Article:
It’s only been a matter of days since Gordon & MacPhail announced it was winding down its independent bottling business, but with a warehouse full of whisky casks, the Elgin-based company is not going away anytime soon.
To underline that intention, Gordon & MacPhail has followed its industry-shaking news with the second release of its annual series called Recollection. This year’s collection features 18 Scotch whiskies from closed or silent distilleries including the oldest Port Ellen ever released by an independent bottler.
Stephen Rankin, director of prestige at Gordon & MacPhail, said: “The whiskies released in our Recollection series are some of the rarest single malts we have in our liquid library.
“This creates a unique opportunity for whisky enthusiasts to experience liquid from distilleries that haven’t operated for decades and are rarely seen in the market today; a true window into Scotland’s complex and colorful whisky history.”
Many of the distilleries featured in the series, such as Glen Mhor, have been demolished and will never produce whisky again. That makes single malt releases from those distilleries vanishingly rare and Gordon & MacPhail holds some of the final casks of liquid.
In the case of Rosebank and Port Ellen, the distilleries have or will shortly be brought back to life, due to their popularity. Port Ellen, for instance, is expected to restart production in 2023 following a 40-year hiatus. Diageo has invested significant sums to revive the lost distillery, specifically because it has become hugely coveted by collectors.
The Port Ellen featured in the Recollection series is taken from a cask filled in 1981, two years before its closure. Very few casks of Port Ellen are left and many of those are under the control of Diageo. It’s a testament to Gordon & MacPhail’s patience that it has held onto the cask until now.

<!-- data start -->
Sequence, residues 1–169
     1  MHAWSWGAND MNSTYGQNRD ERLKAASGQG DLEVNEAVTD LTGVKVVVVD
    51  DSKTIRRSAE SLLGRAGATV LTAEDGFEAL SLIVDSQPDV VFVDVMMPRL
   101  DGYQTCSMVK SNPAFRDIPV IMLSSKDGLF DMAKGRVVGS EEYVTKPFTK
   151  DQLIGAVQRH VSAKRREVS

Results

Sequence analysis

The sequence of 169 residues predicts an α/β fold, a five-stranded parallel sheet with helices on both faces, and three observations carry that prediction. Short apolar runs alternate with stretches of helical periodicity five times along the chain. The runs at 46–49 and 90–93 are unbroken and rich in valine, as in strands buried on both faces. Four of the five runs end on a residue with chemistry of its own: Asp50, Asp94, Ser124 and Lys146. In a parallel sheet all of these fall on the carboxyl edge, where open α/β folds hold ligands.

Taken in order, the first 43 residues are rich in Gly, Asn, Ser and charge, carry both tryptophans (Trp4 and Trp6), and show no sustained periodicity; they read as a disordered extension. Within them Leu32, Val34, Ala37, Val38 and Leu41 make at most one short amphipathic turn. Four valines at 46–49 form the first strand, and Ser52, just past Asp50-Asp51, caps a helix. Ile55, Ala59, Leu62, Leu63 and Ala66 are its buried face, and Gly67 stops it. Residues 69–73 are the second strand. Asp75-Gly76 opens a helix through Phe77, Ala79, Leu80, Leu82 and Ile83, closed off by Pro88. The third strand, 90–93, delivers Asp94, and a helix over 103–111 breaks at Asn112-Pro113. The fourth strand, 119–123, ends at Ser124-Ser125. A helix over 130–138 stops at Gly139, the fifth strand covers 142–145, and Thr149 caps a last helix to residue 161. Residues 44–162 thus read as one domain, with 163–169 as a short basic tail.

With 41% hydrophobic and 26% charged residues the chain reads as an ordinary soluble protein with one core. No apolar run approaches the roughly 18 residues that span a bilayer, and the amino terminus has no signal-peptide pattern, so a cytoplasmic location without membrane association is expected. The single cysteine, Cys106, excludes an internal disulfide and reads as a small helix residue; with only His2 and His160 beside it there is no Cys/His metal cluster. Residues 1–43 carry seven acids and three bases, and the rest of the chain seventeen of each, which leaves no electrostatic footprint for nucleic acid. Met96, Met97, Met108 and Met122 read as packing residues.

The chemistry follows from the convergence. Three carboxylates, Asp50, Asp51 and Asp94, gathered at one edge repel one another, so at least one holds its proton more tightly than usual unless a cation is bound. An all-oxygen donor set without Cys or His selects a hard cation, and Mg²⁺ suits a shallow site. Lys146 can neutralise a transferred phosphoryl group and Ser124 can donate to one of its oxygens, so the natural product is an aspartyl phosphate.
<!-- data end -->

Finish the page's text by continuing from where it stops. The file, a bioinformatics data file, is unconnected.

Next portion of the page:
Port Ellen 1981 is the jewel in the collection’s crown and naturally the most expensive at £10,000 ($12,760). That will get you one of 181 bottles, taken from a refill sherry butt and bottled at a cask strength of 52.5% ABV.
The oldest whisky in the collection comes from Glen Mhor, which was distilled in 1973 and bottled just short of its 50th birthday. It comes from a refill sherry hogshead and is limited to 170 bottles. It will be available worldwide for £6,000 ($7,650).
Another release of note comes from Scotland’s unluckiest distillery, Banff, named so because it was bombed and destroyed during World War II and then burnt to the ground shortly before it was due to be demolished in 1983. A small distillery even at its peak, very little of Banff whisky remains. This one, distilled in 1976, is among the oldest ever released.
Port Ellen 1981 – Tasting notes
Color: Mahogany – the cask has had a big impact on the liquid, which has a compelling dark color.
Nose: Sweet and nutty, freshly fried churros with a touch of burned sugar and cinnamon, morning-after bonfire, ginger cookies and a hint of dark chocolate.
Taste: Quite a lot of bonfire smoke initially, but some water opens up the sweeter qualities. Baked fruits, honey cashews and oak spice.
Finish: Even with a lot of water, the bonfire smoke returns at the end. A vintage peat-heavy whisky suited to lovers of Ardbeg and Laphroaig.
For more information on the Recollection series, visit gordonandmacphail.com